In this interview with Leadership magazine, Tullian Tchividjian describes some of the ugliness and pain that resulted from attempting to merge his church plant with Coral Ridge Presbyterian Church in 2009:

There were people in the choir who, when I would stand up to preach, would get up and walk out.

People would sit in the front row and just stare me down as I preached.

It was extremely uncomfortable. People would grab me in the hallway between services and say, “You’re ruining this church, and I’m going to do everything I can to stop you.”

I would come out to my car and it would be keyed. . . .

They put petitions on car windows during the worship service.

They started an anonymous blog, which was very painful . . . fueling rumors and lies. The blog almost ruined my wife’s life.

Anonymous letters were sent out to the entire congregation with accusations and character assassinations.

It was absolutely terrible.

He then recounts a family vacation that summer when he poured out his frustration to God. But then things began to change as he read God’s word:

But then I started thinking, why does this bother me so much? Yes, I have people writing nasty things about me, lying about me, spreading rumors about my team. They’re after power. And they’re not getting it, and these are the tactics they’re using. But why does that bother me so much?

I remember saying to God in that moment, “Just give me my old life back.” And he said, “It’s not your old life you want back. It’s your old idols you want back. And I love you too much to give them to you.”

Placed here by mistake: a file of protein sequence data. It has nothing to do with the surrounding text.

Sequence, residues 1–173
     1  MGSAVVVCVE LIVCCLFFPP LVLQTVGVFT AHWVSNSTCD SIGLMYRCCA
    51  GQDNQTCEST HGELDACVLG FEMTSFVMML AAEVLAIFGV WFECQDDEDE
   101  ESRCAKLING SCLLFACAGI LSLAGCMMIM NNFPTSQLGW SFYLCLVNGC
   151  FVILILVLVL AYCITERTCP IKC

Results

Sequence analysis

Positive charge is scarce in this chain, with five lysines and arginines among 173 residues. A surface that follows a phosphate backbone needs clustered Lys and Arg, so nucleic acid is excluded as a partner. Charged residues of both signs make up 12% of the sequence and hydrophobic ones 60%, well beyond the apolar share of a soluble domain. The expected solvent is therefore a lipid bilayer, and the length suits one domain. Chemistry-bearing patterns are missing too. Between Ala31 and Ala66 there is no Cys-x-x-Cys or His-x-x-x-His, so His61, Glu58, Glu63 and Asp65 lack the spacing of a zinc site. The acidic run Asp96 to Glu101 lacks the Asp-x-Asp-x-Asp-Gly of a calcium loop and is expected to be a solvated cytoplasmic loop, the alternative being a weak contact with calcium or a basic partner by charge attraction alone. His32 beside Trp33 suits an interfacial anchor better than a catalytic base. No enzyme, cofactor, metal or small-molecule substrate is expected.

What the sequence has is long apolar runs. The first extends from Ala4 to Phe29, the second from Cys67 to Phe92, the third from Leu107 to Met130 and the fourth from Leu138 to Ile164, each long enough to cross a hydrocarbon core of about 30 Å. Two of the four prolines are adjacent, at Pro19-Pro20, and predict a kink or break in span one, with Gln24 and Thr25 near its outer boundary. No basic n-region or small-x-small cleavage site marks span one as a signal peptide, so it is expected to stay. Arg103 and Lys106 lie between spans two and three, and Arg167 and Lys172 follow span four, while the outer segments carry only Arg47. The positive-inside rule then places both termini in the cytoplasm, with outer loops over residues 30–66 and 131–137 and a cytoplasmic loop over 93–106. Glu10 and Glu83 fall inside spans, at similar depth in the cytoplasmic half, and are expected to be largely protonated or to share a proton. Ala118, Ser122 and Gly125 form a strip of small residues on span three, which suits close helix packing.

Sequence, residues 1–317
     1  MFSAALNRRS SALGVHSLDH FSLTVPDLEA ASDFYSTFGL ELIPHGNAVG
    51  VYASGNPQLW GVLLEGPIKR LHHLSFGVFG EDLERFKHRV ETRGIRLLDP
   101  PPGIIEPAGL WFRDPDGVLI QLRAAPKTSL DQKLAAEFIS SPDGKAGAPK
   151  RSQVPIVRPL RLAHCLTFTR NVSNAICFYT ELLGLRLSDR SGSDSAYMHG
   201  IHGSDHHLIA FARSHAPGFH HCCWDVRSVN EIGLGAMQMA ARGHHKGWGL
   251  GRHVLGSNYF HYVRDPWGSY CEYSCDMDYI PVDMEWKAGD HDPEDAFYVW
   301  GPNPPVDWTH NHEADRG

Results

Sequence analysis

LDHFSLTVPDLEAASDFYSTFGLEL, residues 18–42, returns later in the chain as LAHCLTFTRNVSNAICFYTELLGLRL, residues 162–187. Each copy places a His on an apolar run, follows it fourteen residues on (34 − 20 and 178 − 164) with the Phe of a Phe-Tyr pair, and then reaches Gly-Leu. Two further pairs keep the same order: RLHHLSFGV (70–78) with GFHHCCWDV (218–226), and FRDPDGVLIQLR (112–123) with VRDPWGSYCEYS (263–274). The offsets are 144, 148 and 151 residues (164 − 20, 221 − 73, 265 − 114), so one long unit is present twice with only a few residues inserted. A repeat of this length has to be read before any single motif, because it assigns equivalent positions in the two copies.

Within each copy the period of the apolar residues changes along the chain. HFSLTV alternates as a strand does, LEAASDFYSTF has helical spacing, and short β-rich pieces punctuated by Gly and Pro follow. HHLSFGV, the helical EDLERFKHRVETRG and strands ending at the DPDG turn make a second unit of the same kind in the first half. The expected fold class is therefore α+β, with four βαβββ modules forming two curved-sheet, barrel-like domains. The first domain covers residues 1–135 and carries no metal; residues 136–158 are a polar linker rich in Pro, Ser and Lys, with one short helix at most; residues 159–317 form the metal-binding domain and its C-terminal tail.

I opened up my Bible. In the reading plan I was following, it so happened that the day’s passages included the first chapter of Colossians. As I read those verses, my eyes were opened. My true situation came into focus. I’d never realized how dependent I’d become on human approval and acceptance until so much of it was taken away in the roiling controversy at Coral Ridge. In every church I’d been a part of, I was widely accepted and approved and appreciated. I’d always felt loved in church. Now, for the first time, I found myself in the uncomfortable position of being deeply disliked and distrusted, and by more than a few people. Now I realized just how much I’d been relying on something other than the approval and acceptance and love that were already mine in Jesus. I was realizing in a fresh way the now-power of the gospel—that the gospel doesn’t simply rescue us from the past and rescue us for the future; it also rescues us in the present from being enslaved to things like fear, insecurity, anger, self-reliance, bitterness, entitlement, and insignificance. Through my pain, I was being convinced all over again that the power of the gospel is just as necessary and relevant after you become a Christian as it is before. When that biblical reality gripped my heart, I was free like I had never felt before in my life. It gives you the backbone to walk into a room full of church leaders and say “this is what we’re going to do and this is why we’re going to do it, even if it gets me thrown into the street.” There is a fresh I-don’t-care-ness that accompanies belief in the gospel. Whether you like me or not doesn’t matter, because my worth and my dignity and my identity are anchored in God’s approval. Christ won all of the approval and acceptance I need.

Tullian’s new book—just published by Crossway—is called Jesus + Nothing = Everything. There he tells the full story of what went wrong, and glories in the gospel afresh as liberating truth. It’s a great model for how to read Scripture—in this case the book of Colossians—and to apply these biblical teachings to our everyday life. Crossway has also put together a page of short video discussions from Tullian, designed to complement each chapter. Here’s an example from chapter 2: